Extrapolating from frauds that were uncovered during and after the dot-com bubble, the economists Luigi Zingales and Adair Morse of the University of Chicago and Alexander Dyck of the University of Toronto estimated conservatively that in any given year a fraud was being committed by 11 to 13 percent of the large companies in the country.
Yet it may be wrong to shrug off the latest boomlet of corporate crimes and misdemeanors as a mere reflection of the business cycle. Americans appear to believe that corruption has become more prevalent over the years. And some indicators suggest they may be right.
In 2001, Transparency International’s Corruption Perceptions Index ranked the United States as the 16th least-corrupt country. By last year, the nation had fallen to 24th place. The World Bank also reports a weakening of corruption controls in the United States since the late 1990s, so that it is falling behind most other developed nations.
The most pointed evidence that breaking the rules has become standard behavior in the corporate world is how routine the wrongdoing seems to its participants. “Dude. I owe you big time!… I’m opening a bottle of Bollinger,” e-mailed one Barclays trader to a colleague for fiddling with the rate and improving the apparent profit of his derivatives book.
It’s difficult to know why corruption may be spreading. But there are a few plausible explanations. From globalization to rising income inequality to the growing role of corporate money in political campaigns, political and economic dynamics may have increased both the scope of corporate wrongdoing and the incentives for business executives to bend, or break, the rules.
Just consider the scale of recent wrongdoing. Libor is one of the most important rates in the economy. It determines the return on the savings of millions of people, as well as the rate they pay on their mortgage and car loans. It is the benchmark for hundreds of trillions of dollars worth of financial contracts.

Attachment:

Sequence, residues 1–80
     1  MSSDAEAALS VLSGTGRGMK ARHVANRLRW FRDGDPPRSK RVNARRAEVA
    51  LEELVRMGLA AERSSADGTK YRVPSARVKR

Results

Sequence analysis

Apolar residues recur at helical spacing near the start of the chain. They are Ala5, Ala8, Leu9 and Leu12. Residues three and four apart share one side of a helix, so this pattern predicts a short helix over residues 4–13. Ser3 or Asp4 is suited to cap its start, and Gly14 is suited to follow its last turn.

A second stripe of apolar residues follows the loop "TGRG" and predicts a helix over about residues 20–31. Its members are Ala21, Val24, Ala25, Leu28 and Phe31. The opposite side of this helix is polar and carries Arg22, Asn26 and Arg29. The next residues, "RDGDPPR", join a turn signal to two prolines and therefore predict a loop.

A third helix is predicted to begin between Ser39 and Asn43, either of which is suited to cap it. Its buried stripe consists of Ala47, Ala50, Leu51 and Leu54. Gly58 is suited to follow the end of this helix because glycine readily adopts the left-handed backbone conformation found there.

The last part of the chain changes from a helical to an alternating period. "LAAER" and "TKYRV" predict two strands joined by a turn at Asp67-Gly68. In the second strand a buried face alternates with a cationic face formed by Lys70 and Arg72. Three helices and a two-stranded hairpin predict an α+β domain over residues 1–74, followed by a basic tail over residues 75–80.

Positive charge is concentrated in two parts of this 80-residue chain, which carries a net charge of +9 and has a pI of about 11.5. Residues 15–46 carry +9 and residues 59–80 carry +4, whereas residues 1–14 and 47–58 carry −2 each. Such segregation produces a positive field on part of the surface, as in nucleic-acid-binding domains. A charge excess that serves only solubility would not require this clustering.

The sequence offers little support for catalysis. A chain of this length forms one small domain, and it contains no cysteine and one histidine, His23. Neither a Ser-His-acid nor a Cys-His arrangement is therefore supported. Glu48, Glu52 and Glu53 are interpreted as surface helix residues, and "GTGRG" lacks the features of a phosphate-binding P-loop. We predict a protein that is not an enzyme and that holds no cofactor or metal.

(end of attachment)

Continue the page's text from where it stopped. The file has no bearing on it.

Bigger markets allow bigger frauds. Bigger companies, with more complex balance sheets, have more places to hide them. And banks, when they get big enough that no government will let them fail, have the biggest incentive of all. A 20-year-old study by the economists Paul Romer and George Akerloff pointed out that the most lucrative strategy for executives at too-big-to-fail banks would be to loot them to pay themselves vast rewards — knowing full well that the government would save them from bankruptcy.
Globalization can encourage corruption, as companies compete tooth and claw for new markets. And the furious rush of corporate cash into the political process — which differs from bribery in that companies pay politicians to change laws rather than bureaucrats to ignore them — is unlikely to foment ethical behavior.
The inexorable rise of income inequality is also likely to encourage fraud, fostering resentment and undermining trust in capitalism’s institutions and rules. Economic research shows that participants in contests in which the winner takes all are much more likely to cheat. And the United States is becoming a winner-takes-all economy.
It’s hard to fathom the broader social implications of corporate wrongdoing. But its most long-lasting impact may be on Americans’ trust in the institutions that underpin the nation’s liberal market democracy.
E-mail: firstname.lastname@example.org; Twitter: @portereduardo